There’s a key giveaway on how to feed your Pacman frog: you need to give him live prey. They are predatory animals and they won’t touch anything that’s already dead. Avoid giving him anything in the mouth, they are aggressive and may hurt you: place the prey inside their tank and wait for the frog to act.
You should avoid overfeeding them: adult Pacman frogs eat every few days or weekly, unlike their tadpole counterpart that needs a meal every day.
Like any other amphibian, the Pacman frogs need constant access to water. Provide a shallow container filled with water to satisfy your frog’s thirst. Bear in mind Pacman frogs tend to defecate in the water. They also like to soak themselves in it to get a little extra humidity. You need to change the water daily to avoid any health-related issues.
What is the best terrarium for breeding Pacman frogs?
If you are looking to breed Pacman frogs, you need a tank with plenty of water and a few aquatic plants. Once the eggs hatch and the tadpoles start swimming around, you can use the same aquatic tank for them. By the time the tadpoles become froglets, you need to add a little bit of land into the mix. You don’t need to overcomplicate things getting expensive or big terrariums before your frogs reach adulthood. Simple containers will do just fine.
Eventually, when they become full-fledged adults, Pacman frogs need their own space -never house more than one per tank- but they do not need a complicated terrarium. Pacman frogs need a space ten times as big as they are. A 10-gallon tank will probably do the job right, but it’s best to get a 20-gallon tank just to be sure your Pacman frog can fit nicely inside.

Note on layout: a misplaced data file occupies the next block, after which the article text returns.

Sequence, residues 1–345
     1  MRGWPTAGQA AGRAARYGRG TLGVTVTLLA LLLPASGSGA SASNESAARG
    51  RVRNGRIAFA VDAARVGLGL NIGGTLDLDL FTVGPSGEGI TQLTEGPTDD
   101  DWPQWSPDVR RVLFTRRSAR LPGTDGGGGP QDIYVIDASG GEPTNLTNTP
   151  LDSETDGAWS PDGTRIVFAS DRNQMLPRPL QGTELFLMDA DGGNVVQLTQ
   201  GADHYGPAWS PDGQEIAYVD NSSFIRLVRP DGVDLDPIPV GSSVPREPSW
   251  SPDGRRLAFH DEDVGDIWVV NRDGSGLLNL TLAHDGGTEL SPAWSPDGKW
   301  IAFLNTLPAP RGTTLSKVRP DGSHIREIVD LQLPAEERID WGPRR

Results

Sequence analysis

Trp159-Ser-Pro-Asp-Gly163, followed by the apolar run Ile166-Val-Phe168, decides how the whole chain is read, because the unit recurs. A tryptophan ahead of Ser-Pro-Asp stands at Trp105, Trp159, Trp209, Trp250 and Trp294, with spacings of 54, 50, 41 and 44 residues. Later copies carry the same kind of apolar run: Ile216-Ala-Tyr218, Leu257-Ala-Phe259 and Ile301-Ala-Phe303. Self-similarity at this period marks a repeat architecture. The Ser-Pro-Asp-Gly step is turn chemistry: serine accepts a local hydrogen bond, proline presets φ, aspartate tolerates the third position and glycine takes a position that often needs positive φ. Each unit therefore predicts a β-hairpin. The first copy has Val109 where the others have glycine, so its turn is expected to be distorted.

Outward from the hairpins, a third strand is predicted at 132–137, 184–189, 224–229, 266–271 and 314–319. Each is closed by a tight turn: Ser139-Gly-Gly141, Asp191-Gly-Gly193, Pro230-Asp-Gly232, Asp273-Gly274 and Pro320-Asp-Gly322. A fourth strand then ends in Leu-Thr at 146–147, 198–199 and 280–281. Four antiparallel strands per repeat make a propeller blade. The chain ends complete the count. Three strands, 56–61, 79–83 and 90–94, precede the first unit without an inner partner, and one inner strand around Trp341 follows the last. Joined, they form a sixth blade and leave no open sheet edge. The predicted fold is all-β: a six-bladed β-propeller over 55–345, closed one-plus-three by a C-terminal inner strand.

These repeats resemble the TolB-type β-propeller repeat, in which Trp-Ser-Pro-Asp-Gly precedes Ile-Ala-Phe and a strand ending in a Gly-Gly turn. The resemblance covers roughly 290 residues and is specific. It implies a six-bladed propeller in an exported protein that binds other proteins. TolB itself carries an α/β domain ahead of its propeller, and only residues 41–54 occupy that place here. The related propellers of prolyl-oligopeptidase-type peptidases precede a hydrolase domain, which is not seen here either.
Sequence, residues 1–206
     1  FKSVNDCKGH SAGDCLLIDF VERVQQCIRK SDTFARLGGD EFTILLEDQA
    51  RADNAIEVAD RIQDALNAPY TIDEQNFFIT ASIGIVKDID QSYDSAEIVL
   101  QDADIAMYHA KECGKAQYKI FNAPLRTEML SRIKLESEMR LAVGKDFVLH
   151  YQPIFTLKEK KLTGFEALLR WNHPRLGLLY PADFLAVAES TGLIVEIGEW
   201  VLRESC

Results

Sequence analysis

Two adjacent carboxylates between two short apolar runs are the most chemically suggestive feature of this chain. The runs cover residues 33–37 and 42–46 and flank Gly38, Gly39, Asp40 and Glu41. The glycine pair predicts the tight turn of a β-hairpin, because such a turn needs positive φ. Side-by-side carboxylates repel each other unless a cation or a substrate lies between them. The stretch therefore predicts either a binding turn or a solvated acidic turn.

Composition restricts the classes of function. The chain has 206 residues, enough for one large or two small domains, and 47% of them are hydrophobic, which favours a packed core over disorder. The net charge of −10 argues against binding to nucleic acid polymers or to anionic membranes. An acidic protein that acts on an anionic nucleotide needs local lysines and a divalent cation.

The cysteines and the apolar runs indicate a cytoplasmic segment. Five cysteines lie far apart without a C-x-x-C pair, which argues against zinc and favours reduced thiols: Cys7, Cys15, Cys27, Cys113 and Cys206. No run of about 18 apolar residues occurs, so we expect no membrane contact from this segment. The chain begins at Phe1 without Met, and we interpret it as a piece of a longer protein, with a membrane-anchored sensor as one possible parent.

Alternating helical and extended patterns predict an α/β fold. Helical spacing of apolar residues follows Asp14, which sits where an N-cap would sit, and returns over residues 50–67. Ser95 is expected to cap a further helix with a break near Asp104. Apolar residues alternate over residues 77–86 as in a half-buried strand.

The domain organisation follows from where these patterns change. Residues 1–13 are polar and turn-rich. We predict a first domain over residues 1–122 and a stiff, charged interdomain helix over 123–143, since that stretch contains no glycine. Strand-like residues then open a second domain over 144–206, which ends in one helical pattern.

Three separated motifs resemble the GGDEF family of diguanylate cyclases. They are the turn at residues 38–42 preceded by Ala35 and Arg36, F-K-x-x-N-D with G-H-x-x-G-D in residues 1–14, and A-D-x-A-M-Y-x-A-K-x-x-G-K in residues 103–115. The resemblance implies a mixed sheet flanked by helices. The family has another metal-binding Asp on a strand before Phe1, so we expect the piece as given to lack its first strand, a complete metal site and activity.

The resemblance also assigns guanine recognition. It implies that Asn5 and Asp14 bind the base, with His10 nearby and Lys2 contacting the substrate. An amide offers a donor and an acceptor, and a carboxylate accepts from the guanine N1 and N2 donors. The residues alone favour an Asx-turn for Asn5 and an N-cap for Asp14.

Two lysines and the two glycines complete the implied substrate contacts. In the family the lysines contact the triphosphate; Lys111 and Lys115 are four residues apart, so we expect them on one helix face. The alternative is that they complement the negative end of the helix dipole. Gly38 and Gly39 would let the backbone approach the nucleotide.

The most important thing about your Pacman frog terrarium is the substrate. Pacman frogs do not need toys or anything else to spend their time, as they love to dig themselves into the dirt and wait patiently in it.
You should also keep in mind Pacman frogs, like most amphibians, like to soak themselves in water and stay humid, but they do not like to be constantly wet. You should keep the terrarium moist, but leave a few areas without much water so your frog can choose where to stay.
What is the best substrate for Pacman frogs?
The right substrate could be the difference between a happy frog and a harmed frog. There are no right choices when it comes to the substrate, but there are wrong choices. Any kind of substrate that the frog might choke on is a no go: things like gravel or bark should never be used in your Pacman frog terrarium.